The Danger of a Political Impeachment
The Framers’ care in describing the gravity of the offenses necessary for impeachment was clearly intended to prevent what is happening today — the possible impeachment of the president by the opposing political party. If Congress could remove a president from office — in other words, overturn an election — for insubstantial reasons, it will destroy the stability of the presidential office in the future. Any time that Congress is controlled by an opposing political party, the president will be in danger of impeachment for some minor offense. Think of what would have happened if the Benghazi events had occurred after the precedent that Congress now seems determined to set. The deaths of four Americans, including the U.S. ambassador, and a clearly flimsy excuse by the Obama administration that this was all caused by a film. An impeachment effort by the Republicans would have been virtually certain.
Given the precedent the Democrats seem ready to set by continuing the impeachment process on the basis of a presidential offense of such low quality, cooler heads in Congress, the public and the media should step in. Most observers, left and right, seem to take it as a given that the House will eventually impeach President Trump, simply because the House is controlled by the Democrats. But this is more than a political game; what is actually at stake is the future of the government structure that has steered this country through innumerable crises for over 200 years.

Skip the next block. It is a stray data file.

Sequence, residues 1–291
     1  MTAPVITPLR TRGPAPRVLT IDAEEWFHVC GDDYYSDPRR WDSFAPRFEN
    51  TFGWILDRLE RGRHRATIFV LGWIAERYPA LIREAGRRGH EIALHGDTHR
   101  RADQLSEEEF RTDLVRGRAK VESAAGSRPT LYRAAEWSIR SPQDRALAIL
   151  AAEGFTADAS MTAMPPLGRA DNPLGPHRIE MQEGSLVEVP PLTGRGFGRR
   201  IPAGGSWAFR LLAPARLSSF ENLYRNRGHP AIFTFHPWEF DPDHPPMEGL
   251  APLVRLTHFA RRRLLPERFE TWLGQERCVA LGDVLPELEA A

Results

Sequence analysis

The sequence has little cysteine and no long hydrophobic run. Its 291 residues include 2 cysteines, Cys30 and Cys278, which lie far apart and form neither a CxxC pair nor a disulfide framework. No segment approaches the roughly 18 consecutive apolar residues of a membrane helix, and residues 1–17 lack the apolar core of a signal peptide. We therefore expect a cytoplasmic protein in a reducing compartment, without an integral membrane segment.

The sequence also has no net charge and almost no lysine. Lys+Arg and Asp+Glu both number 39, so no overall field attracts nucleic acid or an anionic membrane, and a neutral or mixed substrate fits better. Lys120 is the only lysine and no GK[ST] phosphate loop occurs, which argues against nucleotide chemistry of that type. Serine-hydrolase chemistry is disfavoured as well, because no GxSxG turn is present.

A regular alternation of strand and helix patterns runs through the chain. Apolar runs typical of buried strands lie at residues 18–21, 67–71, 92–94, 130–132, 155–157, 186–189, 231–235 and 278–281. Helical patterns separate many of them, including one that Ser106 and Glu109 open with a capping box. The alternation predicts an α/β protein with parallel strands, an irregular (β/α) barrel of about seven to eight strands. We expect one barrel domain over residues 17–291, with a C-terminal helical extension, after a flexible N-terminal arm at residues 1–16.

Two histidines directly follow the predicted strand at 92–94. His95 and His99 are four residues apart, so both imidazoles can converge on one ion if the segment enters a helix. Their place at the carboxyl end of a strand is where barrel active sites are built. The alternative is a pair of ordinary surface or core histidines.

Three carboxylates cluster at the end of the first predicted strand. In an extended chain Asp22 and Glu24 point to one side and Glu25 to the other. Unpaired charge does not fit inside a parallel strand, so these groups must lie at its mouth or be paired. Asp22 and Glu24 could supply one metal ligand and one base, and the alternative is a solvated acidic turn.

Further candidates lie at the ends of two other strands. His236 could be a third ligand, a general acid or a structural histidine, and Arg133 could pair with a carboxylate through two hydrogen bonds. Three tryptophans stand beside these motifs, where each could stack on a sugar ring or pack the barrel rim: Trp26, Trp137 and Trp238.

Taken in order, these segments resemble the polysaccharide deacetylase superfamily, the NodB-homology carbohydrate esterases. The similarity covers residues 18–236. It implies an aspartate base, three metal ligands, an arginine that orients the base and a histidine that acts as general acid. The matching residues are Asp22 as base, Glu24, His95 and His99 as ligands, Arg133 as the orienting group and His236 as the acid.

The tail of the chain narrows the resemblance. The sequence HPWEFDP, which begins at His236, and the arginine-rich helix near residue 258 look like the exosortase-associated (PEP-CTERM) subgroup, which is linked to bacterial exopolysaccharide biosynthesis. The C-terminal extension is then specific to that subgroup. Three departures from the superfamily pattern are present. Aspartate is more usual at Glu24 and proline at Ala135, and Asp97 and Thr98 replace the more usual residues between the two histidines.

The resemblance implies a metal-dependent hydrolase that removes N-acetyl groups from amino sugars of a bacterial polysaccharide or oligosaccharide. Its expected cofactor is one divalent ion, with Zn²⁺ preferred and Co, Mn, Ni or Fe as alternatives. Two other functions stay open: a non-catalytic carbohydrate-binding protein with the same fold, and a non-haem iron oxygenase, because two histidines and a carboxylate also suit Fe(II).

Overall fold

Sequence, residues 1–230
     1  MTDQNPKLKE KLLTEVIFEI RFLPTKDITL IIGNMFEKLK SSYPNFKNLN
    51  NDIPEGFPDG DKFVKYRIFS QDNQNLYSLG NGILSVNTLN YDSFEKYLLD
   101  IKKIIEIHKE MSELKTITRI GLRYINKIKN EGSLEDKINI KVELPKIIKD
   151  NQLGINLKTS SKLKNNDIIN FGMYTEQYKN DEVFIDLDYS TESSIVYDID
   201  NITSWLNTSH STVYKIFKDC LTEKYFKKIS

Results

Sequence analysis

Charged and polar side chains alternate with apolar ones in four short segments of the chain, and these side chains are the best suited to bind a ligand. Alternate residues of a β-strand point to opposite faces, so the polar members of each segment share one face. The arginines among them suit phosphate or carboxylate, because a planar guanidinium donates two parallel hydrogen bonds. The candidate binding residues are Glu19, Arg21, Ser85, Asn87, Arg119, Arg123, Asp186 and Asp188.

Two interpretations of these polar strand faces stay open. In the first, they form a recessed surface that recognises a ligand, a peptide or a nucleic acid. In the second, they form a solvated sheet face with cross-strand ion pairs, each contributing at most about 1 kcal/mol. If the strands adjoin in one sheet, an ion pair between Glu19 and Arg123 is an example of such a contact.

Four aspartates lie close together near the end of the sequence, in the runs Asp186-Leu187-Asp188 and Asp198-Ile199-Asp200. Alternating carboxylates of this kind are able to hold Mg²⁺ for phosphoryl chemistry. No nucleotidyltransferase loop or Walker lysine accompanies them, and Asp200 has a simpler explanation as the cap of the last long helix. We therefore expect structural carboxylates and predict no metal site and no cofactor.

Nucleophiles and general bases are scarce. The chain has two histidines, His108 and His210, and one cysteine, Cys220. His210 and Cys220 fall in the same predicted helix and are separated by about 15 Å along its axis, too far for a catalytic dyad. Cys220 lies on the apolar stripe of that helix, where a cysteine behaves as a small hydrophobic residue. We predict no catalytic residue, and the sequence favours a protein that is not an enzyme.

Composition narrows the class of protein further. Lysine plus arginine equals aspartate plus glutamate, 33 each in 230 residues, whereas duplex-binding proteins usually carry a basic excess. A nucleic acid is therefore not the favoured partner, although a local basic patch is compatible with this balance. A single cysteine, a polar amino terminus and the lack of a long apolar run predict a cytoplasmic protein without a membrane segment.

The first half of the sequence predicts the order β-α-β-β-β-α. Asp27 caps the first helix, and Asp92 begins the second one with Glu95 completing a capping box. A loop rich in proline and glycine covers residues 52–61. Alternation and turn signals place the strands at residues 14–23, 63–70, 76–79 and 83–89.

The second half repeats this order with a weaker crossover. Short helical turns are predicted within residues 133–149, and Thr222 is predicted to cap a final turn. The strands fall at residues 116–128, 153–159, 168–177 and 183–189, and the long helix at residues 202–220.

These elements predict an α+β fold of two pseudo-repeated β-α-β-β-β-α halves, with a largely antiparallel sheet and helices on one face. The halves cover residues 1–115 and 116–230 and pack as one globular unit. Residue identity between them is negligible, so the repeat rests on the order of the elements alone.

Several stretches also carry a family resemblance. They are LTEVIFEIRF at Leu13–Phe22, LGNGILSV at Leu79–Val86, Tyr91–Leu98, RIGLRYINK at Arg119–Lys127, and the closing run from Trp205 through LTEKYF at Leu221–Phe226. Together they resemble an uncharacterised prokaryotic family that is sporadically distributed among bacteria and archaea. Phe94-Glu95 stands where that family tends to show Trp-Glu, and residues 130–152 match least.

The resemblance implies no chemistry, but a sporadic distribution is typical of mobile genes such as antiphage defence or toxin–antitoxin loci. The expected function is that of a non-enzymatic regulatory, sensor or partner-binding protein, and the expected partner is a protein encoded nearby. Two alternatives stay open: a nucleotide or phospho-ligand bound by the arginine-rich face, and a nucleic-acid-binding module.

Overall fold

In his book “Profiles in Courage,” former President John F. Kennedy recognized as heroic the act of a single senator that prevented the impeachment of Andrew Johnson, the president who succeeded Abraham Lincoln. There was much wrong with Johnson’s rule, but Kennedy recognized that if this impeachment succeeded it would set a devastating precedent for the future. The Democrats should recognize this today, and act accordingly. Holding hearings and criticizing President Trump for what he did makes great political sense as we enter an election year, but impeaching him for bad or mistaken judgments or policies would be a grave disservice to the country.